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West Virginia Rural Health Conference topics included health equity, diversity

Lootpress
Lootpress
 2021-10-27
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LEWISBURG, WV (LOOTPRESS) – In a presentation titled “Health Equity, Poverty and Rural Resilience,” Michael Meit summed up a recurrent theme across the more than 30 sessions that made up the West Virginia Rural Health Association’s (WVRHA) 29th annual conference, hosted virtually from the West Virginia School of Osteopathic Medicine (WVSOM) campus.

“I believe poverty is the major underlying factor that sets up our rural regions for a lot of the challenges we face,” said Meit, who serves as director of research and programs for East Tennessee State University’s Center for Rural Health Research.

Meit pointed out, however, that necessity breeds invention and that rural communities often find ways to overcome such difficulties. As an example, he cited eight counties in eastern Kentucky that were among the 10 U.S. counties with the steepest declines in drug overdose death rates between the periods of 2008-12 and 2013-17. Meit said the counties benefited from better access to treatment, recovery initiatives, harm-reduction programs and an emphasis on prevention and education, among other factors.

“We’ve got challenges in our region, but they are not challenges that define our region,” he said. “If you live in a resource-constrained community, you come up with solutions nobody else has thought of. When we talk about innovation, everyone talks about places like the Silicon Valley or Austin, Texas. I think our innovation hubs are our rural communities that have figured out how to solve problems without throwing money at them.”

The theme of this year’s West Virginia Rural Health Conference was “Reimagining Rural Health: Responding to Unprecedented Challenges.” A total of 238 health professionals attended the Oct. 20-22 conference, which was livestreamed from the WVSOM campus and from some presenters’ remote locations.

Courtney Hereford, MSPH, MSW, research director for WVSOM’s Center for Rural and Community Health (CRCH) and a WVRHA board member, chaired the conference committee. She said she was particularly proud of the conference’s focus on diversity, equity and inclusion, which she noted is integral to WVSOM’s and the WVRHA’s missions to serve across the rural health spectrum. That focus was one of four educational tracks attendees could choose from.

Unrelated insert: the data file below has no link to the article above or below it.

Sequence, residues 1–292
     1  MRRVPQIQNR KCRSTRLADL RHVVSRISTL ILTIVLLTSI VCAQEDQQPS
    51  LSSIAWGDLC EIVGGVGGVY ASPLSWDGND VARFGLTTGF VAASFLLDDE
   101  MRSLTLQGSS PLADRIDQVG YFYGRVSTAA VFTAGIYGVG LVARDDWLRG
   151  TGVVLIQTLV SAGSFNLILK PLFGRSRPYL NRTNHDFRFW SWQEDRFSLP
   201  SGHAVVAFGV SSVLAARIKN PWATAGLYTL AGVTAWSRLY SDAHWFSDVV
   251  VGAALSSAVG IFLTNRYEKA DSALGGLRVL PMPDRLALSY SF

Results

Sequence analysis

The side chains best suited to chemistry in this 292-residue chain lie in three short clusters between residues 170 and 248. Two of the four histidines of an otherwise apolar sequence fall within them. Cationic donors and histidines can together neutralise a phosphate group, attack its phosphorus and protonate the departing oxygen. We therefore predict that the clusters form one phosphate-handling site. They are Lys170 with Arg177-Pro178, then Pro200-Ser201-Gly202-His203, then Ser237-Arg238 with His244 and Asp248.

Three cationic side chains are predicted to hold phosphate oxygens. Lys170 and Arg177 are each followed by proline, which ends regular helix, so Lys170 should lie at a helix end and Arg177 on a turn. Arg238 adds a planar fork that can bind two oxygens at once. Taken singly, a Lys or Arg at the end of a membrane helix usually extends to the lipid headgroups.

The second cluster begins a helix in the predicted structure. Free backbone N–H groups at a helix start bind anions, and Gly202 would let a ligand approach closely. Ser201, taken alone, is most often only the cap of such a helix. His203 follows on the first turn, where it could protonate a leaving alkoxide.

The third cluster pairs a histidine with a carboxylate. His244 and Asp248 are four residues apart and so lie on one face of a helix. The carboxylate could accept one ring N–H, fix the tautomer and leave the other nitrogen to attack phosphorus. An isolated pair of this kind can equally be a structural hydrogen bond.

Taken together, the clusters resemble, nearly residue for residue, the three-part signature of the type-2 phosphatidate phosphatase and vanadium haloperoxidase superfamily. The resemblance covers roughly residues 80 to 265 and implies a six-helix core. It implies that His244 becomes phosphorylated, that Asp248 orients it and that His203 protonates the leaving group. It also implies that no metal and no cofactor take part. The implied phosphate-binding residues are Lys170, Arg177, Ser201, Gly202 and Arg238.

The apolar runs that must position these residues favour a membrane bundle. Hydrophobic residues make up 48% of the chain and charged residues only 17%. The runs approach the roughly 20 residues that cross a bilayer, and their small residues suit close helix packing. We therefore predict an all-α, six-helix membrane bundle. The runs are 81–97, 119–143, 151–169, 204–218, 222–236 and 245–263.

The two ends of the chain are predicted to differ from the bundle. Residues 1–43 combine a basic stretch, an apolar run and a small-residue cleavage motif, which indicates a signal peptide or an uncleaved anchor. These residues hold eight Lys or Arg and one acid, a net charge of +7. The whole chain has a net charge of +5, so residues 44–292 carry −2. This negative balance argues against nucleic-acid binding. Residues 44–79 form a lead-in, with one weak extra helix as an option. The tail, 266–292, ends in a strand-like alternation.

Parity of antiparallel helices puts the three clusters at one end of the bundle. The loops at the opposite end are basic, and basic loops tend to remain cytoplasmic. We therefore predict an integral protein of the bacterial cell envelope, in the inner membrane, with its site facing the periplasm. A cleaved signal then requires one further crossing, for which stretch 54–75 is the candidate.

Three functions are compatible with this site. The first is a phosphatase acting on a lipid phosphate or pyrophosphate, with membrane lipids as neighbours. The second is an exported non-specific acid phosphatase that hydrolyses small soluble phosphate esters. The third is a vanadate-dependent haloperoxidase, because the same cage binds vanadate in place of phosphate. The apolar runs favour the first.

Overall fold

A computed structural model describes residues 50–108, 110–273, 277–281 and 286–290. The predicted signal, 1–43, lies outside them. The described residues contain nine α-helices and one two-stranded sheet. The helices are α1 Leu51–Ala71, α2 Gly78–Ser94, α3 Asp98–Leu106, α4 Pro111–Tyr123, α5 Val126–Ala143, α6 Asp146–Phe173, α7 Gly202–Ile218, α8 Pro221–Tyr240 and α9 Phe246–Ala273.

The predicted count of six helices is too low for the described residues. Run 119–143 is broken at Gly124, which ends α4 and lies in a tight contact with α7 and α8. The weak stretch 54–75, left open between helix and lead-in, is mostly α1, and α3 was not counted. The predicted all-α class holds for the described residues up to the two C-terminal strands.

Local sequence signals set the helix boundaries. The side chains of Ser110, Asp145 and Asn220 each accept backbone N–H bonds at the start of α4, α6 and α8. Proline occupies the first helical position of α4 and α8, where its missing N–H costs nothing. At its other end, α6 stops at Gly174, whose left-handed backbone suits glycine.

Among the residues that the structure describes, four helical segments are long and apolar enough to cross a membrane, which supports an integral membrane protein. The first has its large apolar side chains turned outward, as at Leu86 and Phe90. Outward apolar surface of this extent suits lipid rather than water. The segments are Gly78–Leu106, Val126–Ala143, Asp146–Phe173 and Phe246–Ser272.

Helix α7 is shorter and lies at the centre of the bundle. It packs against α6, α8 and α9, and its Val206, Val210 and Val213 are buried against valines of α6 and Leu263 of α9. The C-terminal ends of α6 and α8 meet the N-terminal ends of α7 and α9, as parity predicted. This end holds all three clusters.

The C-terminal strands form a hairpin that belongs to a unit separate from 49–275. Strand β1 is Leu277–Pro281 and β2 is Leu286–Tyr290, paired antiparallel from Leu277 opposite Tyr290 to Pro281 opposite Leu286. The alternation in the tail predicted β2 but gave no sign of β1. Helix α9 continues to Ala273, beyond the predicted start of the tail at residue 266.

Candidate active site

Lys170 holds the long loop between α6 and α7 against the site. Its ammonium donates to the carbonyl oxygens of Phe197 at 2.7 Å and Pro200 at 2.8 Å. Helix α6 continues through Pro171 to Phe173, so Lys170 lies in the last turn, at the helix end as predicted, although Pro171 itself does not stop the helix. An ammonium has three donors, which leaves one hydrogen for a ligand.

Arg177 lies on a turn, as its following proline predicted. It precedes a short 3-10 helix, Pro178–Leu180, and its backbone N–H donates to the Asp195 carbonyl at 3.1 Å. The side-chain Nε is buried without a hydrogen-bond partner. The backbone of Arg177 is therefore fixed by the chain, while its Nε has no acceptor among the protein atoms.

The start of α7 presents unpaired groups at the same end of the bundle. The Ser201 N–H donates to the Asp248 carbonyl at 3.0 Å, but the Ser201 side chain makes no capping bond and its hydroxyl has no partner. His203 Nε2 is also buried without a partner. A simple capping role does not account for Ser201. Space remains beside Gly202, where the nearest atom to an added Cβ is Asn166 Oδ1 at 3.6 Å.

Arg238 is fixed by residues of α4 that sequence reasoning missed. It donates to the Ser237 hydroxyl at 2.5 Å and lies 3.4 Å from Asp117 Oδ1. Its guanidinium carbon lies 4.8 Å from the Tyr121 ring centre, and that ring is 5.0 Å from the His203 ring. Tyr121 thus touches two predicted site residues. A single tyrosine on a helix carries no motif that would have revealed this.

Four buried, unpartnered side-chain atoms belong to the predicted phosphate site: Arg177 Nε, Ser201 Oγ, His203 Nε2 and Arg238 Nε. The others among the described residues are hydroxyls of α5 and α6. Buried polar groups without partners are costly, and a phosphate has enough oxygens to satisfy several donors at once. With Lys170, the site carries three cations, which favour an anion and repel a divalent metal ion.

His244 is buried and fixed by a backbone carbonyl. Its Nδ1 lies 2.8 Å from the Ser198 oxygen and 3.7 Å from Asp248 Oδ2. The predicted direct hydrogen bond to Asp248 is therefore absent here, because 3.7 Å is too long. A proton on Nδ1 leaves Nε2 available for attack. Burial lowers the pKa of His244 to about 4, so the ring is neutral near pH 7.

“The conference is the state’s largest convening of those invested in improving rural health, and this year’s content, from speakers to student podium and poster presentations, was an exceptional display of our state’s innovative response to rural health priorities,” Hereford said.

Opening the three-day conference, James W. Nemitz, Ph.D., WVSOM’s president, introduced attendees to the medical school’s resources and points of pride, noting that WVSOM has been acknowledged as the leader in rural physician placement in West Virginia, in the Appalachian region and in the U.S.

The keynote presenter was Camara Phyllis Jones, M.D., Ph.D., MPH, an epidemiologist and former American Public Health Association president who has studied the effects of racism and other social inequalities on health and well-being. In her presentation, “Achieving Health Equity: Tools for Naming Racism and Moving to Action,” Jones used several visual allegories to illustrate the importance of battling public health inequities. She said jurisdictions at local, county and state levels in 38 of the 50 states have formally declared that racism is a public health crisis.

Winners of 2021 West Virginia Rural Health Awards were announced during the conference. WVSOM second-year student Matthew Parsley received the Outstanding Rural Health Student Award. The Lewisburg-based, WVSOM-affiliated Robert C. Byrd Clinic received the Excellence in Rural Health Organization Award.

As in the past, virtual poster and podium presentations were part of the annual conference, including 37 posters by WVSOM students, faculty and staff. Poster of the Year was awarded to “Appropriate Clinical Strategies for Working With the ​Unique Needs of Patients Who Practice Islam,” by WVSOM second-year students Saniya Ahmed, Zoe Harold, Abeera Naeem, Nicole Newman, Vivian Shiffler and Isabelle Sinitsa, with clinical sciences faculty members Gretchen Lovett, Ph.D., and Andrea Nazar, D.O.

Rich Sutphin, MPH, executive director of the West Virginia Rural Health Association, said the conference was successful in helping health professionals share strategies for making West Virginia a healthier place to live.

“I’m hoping folks learned some new ideas that they can implement in their communities to improve community and rural health. It’s not something one person can do. It’s a team sport. The only way we’re going to improve is to work together,” he said.

The 2022 conference will also be hosted at WVSOM.

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